This week’s most outstanding utterances, gibes and quips.Read More »
Eight of the nine Republican senators who bucked their party and played a pivotal role in defeating a package of immigration bills last session have the backing of the business community going into next year’s election.Read More »
Seventeen Arizona legislators have thrown their support behind Mitt Romney’s presidential campaign, according to an announcement released this morning.Read More »
Two Arizona senators – one who spends his time in D.C. and one whose office is at the Arizona Capitol – were forced to clear their personal belongings out of family cabins in Eastern Arizona as the Wallow Fire has raged unchecked.Read More »
A slew of immigration measures, including legislation that supporters say would get the U.S. Supreme Court to decide the issue of American citizenship, survived rigorous questioning on Tuesday, when senators conferred with party-mates to discuss them.Read More »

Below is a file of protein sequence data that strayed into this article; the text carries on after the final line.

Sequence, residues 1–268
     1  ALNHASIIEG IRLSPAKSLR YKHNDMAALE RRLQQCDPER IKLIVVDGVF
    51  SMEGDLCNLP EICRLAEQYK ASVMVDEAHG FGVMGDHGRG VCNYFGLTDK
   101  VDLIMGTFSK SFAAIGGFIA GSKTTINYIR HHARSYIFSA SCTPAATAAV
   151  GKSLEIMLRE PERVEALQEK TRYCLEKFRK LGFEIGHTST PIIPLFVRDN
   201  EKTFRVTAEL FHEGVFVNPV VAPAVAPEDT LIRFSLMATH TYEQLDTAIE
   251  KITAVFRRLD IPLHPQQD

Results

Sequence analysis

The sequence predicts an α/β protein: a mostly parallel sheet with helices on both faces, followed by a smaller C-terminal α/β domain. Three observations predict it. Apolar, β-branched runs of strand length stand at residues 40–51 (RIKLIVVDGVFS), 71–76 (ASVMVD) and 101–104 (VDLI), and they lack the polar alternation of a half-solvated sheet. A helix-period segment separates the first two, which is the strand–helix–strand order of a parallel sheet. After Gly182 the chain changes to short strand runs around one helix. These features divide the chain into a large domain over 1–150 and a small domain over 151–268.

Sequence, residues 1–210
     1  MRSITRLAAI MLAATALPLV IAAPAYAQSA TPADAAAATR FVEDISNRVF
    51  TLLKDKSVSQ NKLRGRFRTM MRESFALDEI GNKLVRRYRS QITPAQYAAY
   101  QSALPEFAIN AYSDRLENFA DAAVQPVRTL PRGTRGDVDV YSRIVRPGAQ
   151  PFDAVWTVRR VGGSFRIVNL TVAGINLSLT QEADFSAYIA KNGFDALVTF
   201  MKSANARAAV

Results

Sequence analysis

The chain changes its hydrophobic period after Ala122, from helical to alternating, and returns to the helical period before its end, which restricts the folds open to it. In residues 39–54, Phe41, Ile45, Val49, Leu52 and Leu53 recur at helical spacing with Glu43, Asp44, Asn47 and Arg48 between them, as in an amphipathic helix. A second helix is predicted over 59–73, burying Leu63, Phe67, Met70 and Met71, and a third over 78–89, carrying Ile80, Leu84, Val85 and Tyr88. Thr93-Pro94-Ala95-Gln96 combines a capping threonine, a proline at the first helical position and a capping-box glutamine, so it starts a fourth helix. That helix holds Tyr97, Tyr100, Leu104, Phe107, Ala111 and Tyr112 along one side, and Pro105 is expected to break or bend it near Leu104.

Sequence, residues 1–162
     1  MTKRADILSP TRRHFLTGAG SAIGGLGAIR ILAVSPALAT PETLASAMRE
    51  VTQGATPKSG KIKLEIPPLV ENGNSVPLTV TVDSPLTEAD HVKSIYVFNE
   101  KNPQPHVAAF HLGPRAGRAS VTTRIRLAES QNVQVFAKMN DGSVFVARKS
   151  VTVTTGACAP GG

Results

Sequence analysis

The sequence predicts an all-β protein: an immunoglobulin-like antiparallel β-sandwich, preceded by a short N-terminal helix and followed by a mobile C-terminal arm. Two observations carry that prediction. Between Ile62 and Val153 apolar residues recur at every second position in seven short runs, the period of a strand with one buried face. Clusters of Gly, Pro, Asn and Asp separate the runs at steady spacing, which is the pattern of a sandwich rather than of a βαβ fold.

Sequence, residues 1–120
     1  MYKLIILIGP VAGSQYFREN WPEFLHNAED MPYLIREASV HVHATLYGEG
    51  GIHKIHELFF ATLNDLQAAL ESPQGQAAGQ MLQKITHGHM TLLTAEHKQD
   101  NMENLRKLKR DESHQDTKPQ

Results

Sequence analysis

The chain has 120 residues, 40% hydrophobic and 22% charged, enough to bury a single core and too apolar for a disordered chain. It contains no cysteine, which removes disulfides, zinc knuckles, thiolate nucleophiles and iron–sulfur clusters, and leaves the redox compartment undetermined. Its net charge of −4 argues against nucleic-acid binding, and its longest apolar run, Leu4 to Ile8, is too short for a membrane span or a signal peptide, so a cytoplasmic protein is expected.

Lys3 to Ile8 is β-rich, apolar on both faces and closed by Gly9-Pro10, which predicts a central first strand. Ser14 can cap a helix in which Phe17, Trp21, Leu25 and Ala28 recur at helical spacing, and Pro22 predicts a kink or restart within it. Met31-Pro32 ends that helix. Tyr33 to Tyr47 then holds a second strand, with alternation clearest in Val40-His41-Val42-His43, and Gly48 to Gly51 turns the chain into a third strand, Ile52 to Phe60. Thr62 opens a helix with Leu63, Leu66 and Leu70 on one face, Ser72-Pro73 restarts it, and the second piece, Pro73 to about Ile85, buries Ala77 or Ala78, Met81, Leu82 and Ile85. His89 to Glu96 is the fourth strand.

A vigorous assault this year on the way Arizona chooses its judges has subsided to a handful of ballot measures and bills that have made their way through the Senate, but this year, the effort has more momentum than in past legislatures.Read More »
Immigration hardliners seemed to have true believers, but some Republicans are straying from the flock
With Republicans in firm control of Arizona’s government apparatus and Sen. Russell Pearce leading the Senate, more aggressive laws against illegal immigration seemed certain to emerge from the 2011 legislative session. But cracks are showing in the reputed Republican bastion built on dominance in the Arizona Legislature and Governor’s Office.Read More »
A panel of Arizona senators on Monday rejected a proposal to require candidates for the U.S. presidency to prove that they are natural-born American citizens.Read More »
Those who watched the public hearing on the birthright bills in the Judiciary Committee on Feb. 7 were treated to a brilliant exposition of the 14th Amendment, its meaning and its history.Read More »
Frustrated by the federal government's refusal to solve illegal immigration, some lawmakers want the U.S. Supreme Court to resolve who exactly is an American citizen.
In trying to define citizenship, birthright busters will have to navigate not only through the U.S. Supreme Court, but the U.S. Senate, other states and even their own caucus.